Top of the bill, Diane Abbott (to which might be added Hugh’s epithet on the nature of saying no): “This is pure politics. This is about polls. This is about positioning. This is about putting the Conservative Party in the wrong place. We should not play ducks and drakes with civil liberties just to get a few months’ advantage in opinion polls.” But Simon Carr in tomorrow’s Independent reads into the telling detail:
In future, a minister will be able to interrupt an inquest to kick out the jury, dismiss the coroner and declare the proceedings secret. Why? One reason might be that the soldier, say, lacked body armour, bullets or boots and the coroner was expressing naive disapproval. You can’t have a jury hearing a case like that. They might talk. It wouldn’t be in the public interest for such matters to get out. Oh no, it would damage confidence in the Government.
Oh, and if the new coroner “misbehaves”, he or she can be “revoked” as well. “Misbehaviour” isn’t defined but we can assume it would be misbehaviour to criticise ministers or the ministry or suggest the death was somehow avoidable or unnecessary or possibly even undesirable.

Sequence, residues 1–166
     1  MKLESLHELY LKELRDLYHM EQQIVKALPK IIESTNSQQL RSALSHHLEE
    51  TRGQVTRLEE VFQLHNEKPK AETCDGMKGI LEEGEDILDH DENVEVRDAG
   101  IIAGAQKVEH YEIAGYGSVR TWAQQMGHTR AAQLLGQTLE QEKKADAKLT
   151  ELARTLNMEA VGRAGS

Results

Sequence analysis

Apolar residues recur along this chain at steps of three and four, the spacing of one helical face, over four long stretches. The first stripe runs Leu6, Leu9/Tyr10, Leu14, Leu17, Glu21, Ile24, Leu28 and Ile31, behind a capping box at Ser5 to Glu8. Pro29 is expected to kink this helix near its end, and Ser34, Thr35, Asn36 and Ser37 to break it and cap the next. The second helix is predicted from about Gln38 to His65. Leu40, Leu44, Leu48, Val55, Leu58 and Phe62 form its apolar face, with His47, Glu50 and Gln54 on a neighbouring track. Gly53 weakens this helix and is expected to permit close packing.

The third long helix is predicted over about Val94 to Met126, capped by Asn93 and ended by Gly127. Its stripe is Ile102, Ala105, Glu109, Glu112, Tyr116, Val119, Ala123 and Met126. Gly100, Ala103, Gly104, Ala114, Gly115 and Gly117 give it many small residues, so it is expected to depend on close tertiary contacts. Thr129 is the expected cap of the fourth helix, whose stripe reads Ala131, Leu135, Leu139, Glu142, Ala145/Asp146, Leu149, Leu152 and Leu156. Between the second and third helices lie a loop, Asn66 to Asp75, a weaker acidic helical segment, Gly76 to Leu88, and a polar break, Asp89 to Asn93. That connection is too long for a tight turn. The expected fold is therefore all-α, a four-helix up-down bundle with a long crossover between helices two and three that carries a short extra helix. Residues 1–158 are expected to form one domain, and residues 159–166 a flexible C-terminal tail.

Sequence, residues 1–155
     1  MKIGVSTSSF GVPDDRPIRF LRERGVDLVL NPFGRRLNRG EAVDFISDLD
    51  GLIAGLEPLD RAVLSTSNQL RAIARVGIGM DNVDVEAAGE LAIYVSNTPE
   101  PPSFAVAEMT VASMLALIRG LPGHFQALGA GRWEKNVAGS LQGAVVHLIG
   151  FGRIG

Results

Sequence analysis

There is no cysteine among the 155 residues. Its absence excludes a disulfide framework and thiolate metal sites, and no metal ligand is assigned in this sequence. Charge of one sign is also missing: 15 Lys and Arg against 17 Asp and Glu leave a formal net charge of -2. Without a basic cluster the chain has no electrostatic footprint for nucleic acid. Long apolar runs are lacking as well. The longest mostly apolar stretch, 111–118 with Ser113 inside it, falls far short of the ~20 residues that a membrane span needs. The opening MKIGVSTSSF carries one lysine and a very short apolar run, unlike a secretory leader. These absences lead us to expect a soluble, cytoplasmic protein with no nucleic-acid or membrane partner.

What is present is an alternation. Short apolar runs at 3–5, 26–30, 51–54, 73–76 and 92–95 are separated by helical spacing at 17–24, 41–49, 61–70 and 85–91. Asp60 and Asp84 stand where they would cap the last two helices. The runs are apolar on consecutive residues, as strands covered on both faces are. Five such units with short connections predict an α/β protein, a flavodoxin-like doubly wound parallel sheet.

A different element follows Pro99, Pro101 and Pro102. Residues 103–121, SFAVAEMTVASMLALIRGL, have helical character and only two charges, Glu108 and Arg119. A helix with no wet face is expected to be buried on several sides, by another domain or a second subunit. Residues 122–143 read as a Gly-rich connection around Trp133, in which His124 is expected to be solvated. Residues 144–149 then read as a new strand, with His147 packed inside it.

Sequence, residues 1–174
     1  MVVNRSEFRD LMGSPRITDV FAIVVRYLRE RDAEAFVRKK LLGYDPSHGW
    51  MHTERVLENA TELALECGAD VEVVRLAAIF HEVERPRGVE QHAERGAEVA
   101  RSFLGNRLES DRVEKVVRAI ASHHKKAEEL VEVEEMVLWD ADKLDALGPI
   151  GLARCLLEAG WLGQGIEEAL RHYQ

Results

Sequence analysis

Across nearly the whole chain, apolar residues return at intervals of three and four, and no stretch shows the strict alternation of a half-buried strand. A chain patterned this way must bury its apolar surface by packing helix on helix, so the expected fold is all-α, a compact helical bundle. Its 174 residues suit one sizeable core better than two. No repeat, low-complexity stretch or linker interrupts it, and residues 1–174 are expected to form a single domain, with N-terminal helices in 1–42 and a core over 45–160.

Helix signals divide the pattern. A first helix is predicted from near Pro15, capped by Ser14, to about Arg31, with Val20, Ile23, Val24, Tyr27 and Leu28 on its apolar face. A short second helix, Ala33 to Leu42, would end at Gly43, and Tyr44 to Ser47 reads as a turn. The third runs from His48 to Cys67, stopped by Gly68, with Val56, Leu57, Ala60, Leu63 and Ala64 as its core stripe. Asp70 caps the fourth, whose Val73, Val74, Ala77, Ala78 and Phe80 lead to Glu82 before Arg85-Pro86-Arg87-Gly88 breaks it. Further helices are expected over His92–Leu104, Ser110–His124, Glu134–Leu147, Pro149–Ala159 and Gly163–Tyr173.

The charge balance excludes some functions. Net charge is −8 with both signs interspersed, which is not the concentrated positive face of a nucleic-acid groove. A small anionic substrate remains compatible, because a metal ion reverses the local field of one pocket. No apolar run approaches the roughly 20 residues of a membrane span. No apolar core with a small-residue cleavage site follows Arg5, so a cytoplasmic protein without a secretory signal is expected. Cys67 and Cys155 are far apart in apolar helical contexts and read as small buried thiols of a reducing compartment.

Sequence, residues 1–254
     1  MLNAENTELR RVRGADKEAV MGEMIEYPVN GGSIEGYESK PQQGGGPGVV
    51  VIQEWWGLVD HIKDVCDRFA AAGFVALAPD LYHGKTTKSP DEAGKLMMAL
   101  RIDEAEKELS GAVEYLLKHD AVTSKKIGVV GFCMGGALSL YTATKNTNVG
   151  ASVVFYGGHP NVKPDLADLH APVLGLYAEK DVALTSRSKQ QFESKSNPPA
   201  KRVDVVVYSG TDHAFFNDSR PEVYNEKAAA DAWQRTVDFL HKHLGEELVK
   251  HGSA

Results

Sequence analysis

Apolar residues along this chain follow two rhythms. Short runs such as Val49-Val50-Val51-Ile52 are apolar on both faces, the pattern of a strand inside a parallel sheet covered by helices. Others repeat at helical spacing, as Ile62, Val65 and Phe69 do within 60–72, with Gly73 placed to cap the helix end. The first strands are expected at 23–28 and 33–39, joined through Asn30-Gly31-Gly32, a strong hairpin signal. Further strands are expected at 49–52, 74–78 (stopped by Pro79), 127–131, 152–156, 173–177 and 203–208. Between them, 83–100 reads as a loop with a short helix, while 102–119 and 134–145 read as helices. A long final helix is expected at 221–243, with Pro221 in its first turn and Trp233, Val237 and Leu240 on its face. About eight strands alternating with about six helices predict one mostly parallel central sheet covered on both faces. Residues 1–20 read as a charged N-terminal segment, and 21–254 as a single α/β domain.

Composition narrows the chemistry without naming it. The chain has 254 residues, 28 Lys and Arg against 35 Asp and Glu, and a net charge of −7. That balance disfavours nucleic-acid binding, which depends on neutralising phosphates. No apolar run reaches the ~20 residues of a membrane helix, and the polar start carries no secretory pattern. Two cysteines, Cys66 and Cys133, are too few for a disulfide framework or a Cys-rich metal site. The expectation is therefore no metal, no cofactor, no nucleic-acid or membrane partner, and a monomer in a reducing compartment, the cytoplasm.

Quite a change, that.
It’ll all get nodded through. As Mark Durkan said in his melancholy way, how will MPs persuade doubters of the power of scrutiny when it comes to 42 days? The proposal is that the Commons will be asked to debate maybe on day 35 of the citizen being detained without charge whether or not to keep him in jail for another seven days. “The noddies have it“.
42 days perhaps was the sham fight?
Mick is founding editor of Slugger. He has written papers on the impacts of the Internet on politics and the wider media and is a regular guest and speaking events across Ireland, the UK and Europe. Twitter: @MickFealty